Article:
In case of out of stock (OOS), have the ability to cross sell. Don't attempt the upsell, your margins should allow you to bring the price down on a higher tier replacement. Proper use of this technique will give your guests exposure to higher priced and hopefully higher quality items at an "introductory rate". We have created regular Brunello drinkers from Chianti drinkers with a single application of this procedure. You may even use this technique as a customer loyalty ploy, knowing your customers who will appreciate the upgrade will build trust and increase check averages.
Having a bunch of laser tight Burgundy with your burger bar, or flabby Chardonnay with sushi will not help people get into wine. You may hate Lodi Zin or Lambrucso, but wow, they do work with BBQ (especially secco lambrusco!). You may hate semi-dry Riesling but a 10% ABV Spatlese Riesling or a demi sec Vouvray with sushi can be love at first sight. Get out of any personal prejudices and make your list work with your food. We had a Bierzo rosado that pairs perfectly with fish tacos. Once you make that connection for a customer they are yours forever.
Wine may not destroy a dish but it can definitely elevate one. A slightly salty sauce, a slightly overcooked lean protein can both be salvaged by the right wine. Get your chef and staff involved in experimentation, playing with different wines and explaining to each other why the wine works or doesn't work. Yes/no answers are not helpful.
Pairings are tricky, especially for multiple entree styles. She is having Vegan Pomegranate Quinoa and he's having rare Ribeye. Your only choice may be to go with low risk wine that won't intrude on their experience. Wines like Beaujolais or domestic Pinot Noir for red and medium to high acid whites with minimal oak influence. Additional information is found in the Pairing section below.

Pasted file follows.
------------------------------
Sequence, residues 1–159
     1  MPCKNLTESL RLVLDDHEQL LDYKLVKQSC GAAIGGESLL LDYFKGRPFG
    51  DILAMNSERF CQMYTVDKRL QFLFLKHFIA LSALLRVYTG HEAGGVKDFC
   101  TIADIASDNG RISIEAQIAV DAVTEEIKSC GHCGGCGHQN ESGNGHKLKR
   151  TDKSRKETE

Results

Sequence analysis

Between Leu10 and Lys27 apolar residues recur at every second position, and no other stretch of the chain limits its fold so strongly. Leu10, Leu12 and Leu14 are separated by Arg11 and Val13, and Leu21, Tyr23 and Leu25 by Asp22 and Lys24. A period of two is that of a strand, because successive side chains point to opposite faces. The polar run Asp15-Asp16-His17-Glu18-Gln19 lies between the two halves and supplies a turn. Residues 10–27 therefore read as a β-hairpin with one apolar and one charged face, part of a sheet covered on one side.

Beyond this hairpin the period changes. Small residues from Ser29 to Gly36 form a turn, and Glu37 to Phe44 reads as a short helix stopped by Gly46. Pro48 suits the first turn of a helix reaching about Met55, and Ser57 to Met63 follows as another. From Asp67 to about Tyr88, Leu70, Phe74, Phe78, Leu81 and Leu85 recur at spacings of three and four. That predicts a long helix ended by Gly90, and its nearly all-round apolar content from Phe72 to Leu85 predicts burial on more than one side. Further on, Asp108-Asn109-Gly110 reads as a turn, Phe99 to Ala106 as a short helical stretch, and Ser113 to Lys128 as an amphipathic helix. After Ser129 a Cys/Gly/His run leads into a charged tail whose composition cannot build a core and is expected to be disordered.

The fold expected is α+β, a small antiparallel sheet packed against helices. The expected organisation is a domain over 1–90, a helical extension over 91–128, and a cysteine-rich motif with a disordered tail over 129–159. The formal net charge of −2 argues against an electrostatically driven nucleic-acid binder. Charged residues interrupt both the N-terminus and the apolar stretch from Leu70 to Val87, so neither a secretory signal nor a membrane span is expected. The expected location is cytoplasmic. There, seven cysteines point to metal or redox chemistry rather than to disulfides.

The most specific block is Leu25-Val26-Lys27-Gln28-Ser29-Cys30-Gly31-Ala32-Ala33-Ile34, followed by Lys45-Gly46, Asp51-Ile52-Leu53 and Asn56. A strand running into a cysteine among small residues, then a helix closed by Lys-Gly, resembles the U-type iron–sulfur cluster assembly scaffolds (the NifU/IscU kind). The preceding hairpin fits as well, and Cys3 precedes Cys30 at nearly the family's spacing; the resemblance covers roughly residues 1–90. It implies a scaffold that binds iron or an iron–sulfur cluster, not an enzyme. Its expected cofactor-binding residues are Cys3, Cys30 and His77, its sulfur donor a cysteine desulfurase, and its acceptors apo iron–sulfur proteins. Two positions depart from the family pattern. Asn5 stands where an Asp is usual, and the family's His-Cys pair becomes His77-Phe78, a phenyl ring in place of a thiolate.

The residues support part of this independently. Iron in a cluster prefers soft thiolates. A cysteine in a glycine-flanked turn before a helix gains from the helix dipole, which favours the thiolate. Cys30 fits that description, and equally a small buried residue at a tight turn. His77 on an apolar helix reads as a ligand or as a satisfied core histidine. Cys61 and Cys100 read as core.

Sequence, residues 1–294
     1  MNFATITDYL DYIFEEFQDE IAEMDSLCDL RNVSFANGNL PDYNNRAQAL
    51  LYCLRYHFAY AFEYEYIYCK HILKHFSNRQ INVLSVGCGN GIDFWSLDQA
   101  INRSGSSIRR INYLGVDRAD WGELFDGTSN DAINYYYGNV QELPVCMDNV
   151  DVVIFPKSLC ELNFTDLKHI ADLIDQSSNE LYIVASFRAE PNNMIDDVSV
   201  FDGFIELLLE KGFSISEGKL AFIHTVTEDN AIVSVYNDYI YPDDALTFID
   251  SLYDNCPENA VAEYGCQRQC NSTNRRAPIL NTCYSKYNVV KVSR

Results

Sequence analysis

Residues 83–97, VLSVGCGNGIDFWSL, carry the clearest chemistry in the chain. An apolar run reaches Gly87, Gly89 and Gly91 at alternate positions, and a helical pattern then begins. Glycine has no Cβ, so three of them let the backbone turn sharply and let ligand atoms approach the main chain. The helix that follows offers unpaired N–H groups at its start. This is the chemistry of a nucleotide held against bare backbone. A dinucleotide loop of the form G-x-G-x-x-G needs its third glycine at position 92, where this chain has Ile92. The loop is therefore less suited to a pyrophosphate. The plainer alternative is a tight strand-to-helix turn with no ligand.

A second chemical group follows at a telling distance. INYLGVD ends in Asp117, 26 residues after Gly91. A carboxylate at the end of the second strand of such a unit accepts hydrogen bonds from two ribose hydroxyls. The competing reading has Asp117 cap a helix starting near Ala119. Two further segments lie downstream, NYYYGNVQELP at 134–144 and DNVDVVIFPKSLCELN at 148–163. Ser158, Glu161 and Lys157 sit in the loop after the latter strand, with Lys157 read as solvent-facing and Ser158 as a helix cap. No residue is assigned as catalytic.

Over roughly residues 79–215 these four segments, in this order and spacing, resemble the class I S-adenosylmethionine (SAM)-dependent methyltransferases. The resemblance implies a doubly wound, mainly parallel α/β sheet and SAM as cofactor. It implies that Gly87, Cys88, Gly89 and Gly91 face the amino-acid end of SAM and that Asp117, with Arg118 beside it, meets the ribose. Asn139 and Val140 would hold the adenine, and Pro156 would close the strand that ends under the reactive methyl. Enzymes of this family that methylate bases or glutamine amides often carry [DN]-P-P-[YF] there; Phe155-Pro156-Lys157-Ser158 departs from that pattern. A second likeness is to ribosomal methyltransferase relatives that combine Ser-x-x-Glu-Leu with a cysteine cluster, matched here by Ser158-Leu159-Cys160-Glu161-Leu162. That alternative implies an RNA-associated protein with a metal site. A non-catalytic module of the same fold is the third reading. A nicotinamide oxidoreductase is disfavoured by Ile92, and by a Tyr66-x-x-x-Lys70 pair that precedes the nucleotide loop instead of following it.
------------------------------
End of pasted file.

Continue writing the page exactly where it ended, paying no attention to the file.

Even us in the trade can't be expected to remember if a 1983 left bank is better than a 1984 right bank Bordeaux. Do you have some basic descriptions with your menu items? Why NOT with your wine? Do you really think a 2001 Vougeot is more easily understood by the name than the ubiquitous Ceasar Salad on your menu where many restaurants still list the ingredients? Give some detail on your list, a single line if not more letting people know about the selections. We know it's not common yet nor is it what the famous restaurant lists look like but that doesn't mean they shouldn't. Those types of lists are designed to force subservience to a somm, who may or may not know the difference between selections but has learned to pretend to.
BTG Bait and Upsell
A little path through the woods can help your list make money. If you have a Luberon or Ventoux BTG that is killer, have a Gigondas, Vacqueyras, or CdP to catch those fans. A good IGP Toscana can be the bridge into a big dollar Bolgheri, Languedoc to Minervois or Priorat, etc.. An orphaned Taurasi on your list may remain neglected for years, having a Vulture or affordable Campania Aglianico blend will open doors to it.
- What is a sommelier
- Why to certify
- Prerequisites and Testing Criteria
- Wine List Creation
- Wine List Training
- Storage and Service Temperatures
- Introduction to Pairing and Components
- Pairing Concepts
- Service Intro and Presentation
- Service Opening the Bottle
- Sample and Pouring Order
- Sommelier Standards Sparkling Wine
- Sommelier Standards Beer Service
- Sommelier Certification Registration